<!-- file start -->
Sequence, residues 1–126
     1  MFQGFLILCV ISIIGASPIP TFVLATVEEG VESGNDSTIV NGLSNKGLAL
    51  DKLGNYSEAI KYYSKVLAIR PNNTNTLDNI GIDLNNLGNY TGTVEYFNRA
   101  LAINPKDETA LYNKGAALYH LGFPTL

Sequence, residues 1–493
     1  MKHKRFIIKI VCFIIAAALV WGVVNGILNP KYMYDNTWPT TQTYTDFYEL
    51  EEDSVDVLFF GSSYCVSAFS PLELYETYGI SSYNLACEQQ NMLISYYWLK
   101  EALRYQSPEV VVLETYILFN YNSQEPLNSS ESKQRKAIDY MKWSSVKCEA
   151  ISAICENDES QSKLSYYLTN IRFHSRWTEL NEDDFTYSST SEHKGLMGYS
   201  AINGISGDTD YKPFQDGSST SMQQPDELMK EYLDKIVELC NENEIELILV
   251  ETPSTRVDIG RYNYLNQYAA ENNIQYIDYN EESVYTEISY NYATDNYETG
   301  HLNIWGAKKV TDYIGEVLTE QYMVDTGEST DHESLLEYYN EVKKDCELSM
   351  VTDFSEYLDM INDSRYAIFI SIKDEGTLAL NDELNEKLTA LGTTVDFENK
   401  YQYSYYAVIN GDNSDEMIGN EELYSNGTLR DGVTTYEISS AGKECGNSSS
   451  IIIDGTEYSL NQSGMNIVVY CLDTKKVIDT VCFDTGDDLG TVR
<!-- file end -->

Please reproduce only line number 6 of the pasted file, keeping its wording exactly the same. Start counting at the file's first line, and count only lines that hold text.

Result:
     1  MKHKRFIIKI VCFIIAAALV WGVVNGILNP KYMYDNTWPT TQTYTDFYEL